Well, as they say, "all’s well that ends well." I used the vise in my workshop to crack open the nuts. They were so sweet. Not holding a grudge, I made sure the squirrels were well fed that winter with corn and sunflower seeds. Sadly though, the butternut tree is gone now. The people who bought our house next door to our new one in the woods, sawed it down. Apparently raking up the butternuts was too much bother.
And so leaving the feeders well stocked, we prepare to leave sub-arctic Minnesota for the desert. There the grandchildren await the arrival of Santa Claus. And we hope "warm family times" await all our blogging friends wherever you are located this holiday season.
Troutbirder and Mrs. T.

Sunday, December 4, 2011

Winter Arrived Last Night

As I stepped outside, this somewhat cold and dreary morning, winter had arrived on Oak Hill overnight. Greetings winter! I'll let Baron outside to romp. My own snow romping days are over. But content, I'll start up the snow blower to clear the driveway. Go back inside for some hot chocolate. And watch the bird feeders from my easy chair while starting a new book. Each season to its own rhythms here in the northland.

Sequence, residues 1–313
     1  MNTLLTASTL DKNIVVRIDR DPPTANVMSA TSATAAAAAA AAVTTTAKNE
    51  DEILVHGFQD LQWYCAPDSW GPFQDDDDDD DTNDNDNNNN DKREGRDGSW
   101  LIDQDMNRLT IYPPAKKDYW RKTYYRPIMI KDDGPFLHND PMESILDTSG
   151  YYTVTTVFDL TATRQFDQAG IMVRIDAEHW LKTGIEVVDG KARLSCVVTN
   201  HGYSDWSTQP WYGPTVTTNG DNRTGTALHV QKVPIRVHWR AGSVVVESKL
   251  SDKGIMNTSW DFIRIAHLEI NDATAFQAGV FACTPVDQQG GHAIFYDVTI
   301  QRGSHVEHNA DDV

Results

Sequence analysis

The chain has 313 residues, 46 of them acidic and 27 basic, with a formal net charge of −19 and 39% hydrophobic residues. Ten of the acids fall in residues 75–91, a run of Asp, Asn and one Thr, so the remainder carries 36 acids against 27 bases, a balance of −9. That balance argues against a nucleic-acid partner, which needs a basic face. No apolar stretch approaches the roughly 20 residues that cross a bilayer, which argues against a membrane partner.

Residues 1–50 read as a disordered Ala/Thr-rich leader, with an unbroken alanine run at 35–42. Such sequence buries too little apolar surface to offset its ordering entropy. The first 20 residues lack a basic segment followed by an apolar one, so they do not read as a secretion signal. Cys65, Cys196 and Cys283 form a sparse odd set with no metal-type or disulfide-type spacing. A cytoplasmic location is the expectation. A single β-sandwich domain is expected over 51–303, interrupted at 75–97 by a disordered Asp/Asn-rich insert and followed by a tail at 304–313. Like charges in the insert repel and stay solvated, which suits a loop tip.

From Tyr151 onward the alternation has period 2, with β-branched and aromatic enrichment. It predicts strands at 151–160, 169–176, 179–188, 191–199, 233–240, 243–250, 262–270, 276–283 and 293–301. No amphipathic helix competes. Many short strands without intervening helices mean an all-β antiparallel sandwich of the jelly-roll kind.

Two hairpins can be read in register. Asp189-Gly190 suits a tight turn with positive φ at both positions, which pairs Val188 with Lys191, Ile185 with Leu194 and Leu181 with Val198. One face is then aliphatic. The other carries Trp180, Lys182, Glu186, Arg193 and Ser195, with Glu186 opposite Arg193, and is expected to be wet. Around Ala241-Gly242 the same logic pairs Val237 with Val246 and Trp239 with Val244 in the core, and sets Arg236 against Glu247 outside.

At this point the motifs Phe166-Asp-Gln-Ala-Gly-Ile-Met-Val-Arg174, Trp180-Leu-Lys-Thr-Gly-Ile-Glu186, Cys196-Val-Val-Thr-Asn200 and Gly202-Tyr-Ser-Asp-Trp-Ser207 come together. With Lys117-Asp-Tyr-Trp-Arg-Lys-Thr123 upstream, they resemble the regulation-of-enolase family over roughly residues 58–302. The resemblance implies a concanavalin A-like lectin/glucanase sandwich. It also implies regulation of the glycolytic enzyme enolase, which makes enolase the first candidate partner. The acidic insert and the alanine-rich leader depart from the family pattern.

Thursday, December 1, 2011

Turks Cap Lily - Not!

Lilium Superbum - The Turks Cap Lily


There are lessons to be learned in just about all phases of life. History, or in this case botany, can teach that. Keeping an open mind might be one such lesson. Take the case of the elusive Turks Cap Lily. Wildflowers like birds can have "local" names. Thats why both are scientifically identified by latin names. Some time back I posted some wildflower pictures and identified one of them, found in a native prairie preserve, as a "Turks Cap Lily." Every one around here called these wildflowers Turks Caps, so I was absolutely certainly positive that's what they were. Thats why when several commenters gently informed that they were Michigan Lilies I replied that they were seriously mistaken. The ideological rigidity of todays politics come to mind doesn't it?






Michigan Lily